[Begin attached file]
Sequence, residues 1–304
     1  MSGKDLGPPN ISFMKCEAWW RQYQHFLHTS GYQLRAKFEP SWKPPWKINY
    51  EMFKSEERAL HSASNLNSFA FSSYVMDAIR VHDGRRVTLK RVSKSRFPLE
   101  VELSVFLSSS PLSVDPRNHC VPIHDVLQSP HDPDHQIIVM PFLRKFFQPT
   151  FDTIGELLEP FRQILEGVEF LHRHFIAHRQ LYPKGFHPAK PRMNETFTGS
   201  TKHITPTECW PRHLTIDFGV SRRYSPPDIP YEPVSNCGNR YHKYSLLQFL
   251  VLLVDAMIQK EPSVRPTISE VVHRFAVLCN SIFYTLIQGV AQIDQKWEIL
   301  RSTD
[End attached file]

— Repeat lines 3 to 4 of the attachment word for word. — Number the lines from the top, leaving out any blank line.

    51  EMFKSEERAL HSASNLNSFA FSSYVMDAIR VHDGRRVTLK RVSKSRFPLE
   101  VELSVFLSSS PLSVDPRNHC VPIHDVLQSP HDPDHQIIVM PFLRKFFQPT